• 7. 7 I/O Fencing ● An active countermeasure taken by a functioning host to isolate a misbehaving or presumed dead host from shared data ● Most critical part of a cluster utilizing SAN or other shared storage technology ● Despite this, not everyone uses it ● How much is your data worth? ● Required by gfs2, clvmd, and cold failover software shipped by Red Hat ● Utilized by RHEV, too – Fencing is not a cluster- specific technology
  • 8. 8 I/O Fencing ● Protects data in the event of planned or unplanned system downtime ● Kernel panic ● System freeze ● Live hang / recovery ● Enables nodes to safely assume control of shared resources when booted in a network partition situation
  • 9. 9 I/O Fencing ● SAN fabric and SCSI fencing are not fully recoverable ● Node must typically be rebooted manually ● Enables an autopsy of the node ● Sometimes does not require additional hardware ● Power fencing is usually fully recoverable ● Your system can reboot and rejoin the cluster - thereby restoring capacity - without administrator intervention ● This is a reduction in MTTR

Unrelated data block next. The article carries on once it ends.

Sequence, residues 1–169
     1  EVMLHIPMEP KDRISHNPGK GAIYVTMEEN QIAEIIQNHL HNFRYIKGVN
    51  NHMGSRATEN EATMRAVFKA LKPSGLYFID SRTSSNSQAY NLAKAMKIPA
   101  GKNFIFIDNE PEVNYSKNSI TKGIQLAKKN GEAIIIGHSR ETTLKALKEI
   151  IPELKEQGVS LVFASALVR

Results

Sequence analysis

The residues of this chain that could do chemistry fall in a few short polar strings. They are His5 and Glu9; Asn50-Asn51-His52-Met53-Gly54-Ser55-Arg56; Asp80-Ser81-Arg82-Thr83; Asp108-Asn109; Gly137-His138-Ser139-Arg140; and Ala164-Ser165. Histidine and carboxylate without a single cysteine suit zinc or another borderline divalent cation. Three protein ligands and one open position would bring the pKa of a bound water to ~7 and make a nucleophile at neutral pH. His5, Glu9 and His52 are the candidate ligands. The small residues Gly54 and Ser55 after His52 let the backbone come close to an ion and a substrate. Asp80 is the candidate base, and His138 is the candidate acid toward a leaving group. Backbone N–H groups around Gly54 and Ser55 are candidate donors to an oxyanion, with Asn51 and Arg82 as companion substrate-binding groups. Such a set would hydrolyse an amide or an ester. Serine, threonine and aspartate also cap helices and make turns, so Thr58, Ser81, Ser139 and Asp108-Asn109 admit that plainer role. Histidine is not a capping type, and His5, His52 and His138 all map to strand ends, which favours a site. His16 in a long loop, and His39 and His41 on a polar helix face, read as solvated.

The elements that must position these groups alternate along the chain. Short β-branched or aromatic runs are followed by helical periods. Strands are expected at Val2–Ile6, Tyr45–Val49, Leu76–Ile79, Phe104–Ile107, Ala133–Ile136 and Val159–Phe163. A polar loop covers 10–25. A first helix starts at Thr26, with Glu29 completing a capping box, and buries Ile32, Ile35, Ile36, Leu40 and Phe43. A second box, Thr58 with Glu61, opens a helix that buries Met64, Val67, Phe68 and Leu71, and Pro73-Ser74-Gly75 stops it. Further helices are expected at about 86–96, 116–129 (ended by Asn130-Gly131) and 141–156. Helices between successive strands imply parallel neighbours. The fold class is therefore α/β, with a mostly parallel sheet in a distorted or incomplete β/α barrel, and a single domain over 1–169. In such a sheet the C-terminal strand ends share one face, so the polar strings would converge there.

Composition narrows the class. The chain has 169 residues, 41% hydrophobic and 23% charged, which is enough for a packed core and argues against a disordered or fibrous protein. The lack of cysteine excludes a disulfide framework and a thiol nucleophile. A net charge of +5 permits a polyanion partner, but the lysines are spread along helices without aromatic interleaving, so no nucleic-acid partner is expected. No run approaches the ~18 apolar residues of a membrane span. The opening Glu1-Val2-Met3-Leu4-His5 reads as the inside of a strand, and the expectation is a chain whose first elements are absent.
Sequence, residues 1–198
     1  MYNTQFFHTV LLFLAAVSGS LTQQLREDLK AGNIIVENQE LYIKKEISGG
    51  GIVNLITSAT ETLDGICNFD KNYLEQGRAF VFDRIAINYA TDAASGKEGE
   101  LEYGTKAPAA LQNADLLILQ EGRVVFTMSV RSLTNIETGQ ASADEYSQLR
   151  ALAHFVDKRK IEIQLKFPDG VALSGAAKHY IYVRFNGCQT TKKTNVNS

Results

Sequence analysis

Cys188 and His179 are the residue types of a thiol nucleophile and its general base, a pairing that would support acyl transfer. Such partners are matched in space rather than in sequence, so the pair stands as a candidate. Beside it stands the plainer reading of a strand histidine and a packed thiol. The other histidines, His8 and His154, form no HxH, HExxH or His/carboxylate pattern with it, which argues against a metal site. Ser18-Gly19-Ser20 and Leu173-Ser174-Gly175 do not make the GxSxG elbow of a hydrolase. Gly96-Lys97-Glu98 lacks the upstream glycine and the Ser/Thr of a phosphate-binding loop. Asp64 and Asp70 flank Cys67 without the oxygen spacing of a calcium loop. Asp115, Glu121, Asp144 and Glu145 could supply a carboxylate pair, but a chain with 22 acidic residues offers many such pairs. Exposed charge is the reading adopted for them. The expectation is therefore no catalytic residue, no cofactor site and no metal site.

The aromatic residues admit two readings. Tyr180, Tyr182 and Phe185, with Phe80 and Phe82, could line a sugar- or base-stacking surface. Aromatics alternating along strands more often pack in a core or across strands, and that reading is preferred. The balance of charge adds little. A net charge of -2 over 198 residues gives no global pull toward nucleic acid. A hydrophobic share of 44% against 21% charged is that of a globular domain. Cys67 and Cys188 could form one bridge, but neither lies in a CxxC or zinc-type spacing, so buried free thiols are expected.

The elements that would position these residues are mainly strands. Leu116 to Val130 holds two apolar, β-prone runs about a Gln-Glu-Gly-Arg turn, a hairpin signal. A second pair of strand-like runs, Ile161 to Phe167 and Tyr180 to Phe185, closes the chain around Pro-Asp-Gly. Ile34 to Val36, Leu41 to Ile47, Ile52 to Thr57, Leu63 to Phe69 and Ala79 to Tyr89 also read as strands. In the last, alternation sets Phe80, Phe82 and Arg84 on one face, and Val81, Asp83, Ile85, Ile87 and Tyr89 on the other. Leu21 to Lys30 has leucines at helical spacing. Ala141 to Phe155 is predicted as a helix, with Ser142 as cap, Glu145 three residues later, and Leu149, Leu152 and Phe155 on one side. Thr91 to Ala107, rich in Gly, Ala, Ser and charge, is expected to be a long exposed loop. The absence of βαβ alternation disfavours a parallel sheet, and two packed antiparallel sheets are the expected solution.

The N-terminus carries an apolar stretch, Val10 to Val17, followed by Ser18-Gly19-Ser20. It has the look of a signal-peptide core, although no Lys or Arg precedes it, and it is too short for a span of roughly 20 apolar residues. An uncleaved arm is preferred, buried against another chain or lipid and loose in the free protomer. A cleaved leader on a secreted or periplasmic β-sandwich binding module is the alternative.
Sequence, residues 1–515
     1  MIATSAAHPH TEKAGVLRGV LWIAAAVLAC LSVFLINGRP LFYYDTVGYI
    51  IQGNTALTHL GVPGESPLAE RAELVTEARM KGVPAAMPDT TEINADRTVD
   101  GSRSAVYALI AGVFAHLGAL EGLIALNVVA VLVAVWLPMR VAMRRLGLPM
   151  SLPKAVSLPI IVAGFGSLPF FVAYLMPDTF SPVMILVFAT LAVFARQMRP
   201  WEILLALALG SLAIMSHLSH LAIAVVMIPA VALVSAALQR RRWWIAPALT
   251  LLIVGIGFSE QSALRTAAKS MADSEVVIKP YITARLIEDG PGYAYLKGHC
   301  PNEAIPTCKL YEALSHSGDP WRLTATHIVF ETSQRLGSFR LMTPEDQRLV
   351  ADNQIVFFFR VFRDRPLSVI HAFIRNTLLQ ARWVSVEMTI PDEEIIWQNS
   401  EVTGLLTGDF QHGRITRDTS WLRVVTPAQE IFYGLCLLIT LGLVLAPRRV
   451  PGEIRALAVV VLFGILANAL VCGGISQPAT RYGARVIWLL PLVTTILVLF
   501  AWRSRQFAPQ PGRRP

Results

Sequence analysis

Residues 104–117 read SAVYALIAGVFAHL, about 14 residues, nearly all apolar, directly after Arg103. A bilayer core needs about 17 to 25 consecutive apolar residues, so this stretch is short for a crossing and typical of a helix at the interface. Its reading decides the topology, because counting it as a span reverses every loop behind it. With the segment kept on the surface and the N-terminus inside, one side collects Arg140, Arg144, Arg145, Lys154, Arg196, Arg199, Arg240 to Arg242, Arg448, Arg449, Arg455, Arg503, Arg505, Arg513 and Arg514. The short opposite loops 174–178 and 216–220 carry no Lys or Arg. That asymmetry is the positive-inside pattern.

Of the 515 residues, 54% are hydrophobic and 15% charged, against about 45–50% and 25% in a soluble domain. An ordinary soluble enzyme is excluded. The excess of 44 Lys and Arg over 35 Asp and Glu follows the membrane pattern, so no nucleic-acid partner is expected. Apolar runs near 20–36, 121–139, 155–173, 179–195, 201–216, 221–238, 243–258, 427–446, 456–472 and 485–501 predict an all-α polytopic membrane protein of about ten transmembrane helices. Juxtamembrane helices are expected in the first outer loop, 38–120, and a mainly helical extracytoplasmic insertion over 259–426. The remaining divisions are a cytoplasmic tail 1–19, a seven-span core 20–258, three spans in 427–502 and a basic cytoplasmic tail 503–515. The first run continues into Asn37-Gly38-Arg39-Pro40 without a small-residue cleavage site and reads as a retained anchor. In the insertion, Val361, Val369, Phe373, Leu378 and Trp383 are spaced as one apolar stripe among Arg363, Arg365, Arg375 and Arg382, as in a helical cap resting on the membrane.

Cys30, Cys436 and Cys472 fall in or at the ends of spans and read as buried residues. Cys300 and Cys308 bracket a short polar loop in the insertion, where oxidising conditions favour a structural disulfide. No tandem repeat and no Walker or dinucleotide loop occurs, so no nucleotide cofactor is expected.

• 10. 10 I/O Fencing – Drawbacks ● Difficult to configure ● No automated way to “discover” fencing devices ● Fencing devices are all very different and have different permission schemes and requirements ● Typically requires additional hardware ● Additional cost often not considered when purchasing systems ● A given “approved” IHV may not sell the hardware you want to use
  • 11. 11 I/O Fencing – Best Practices ● Integrated power management ● Use servers with dual power supplies ● Use a backup fencing device ● IPMI over LAN fencing usually requires disabling acpid ● Single-rail switched PDUs ● Use 2 switched PDUs ● Use a PDU with two power rails ● Use a backup fencing device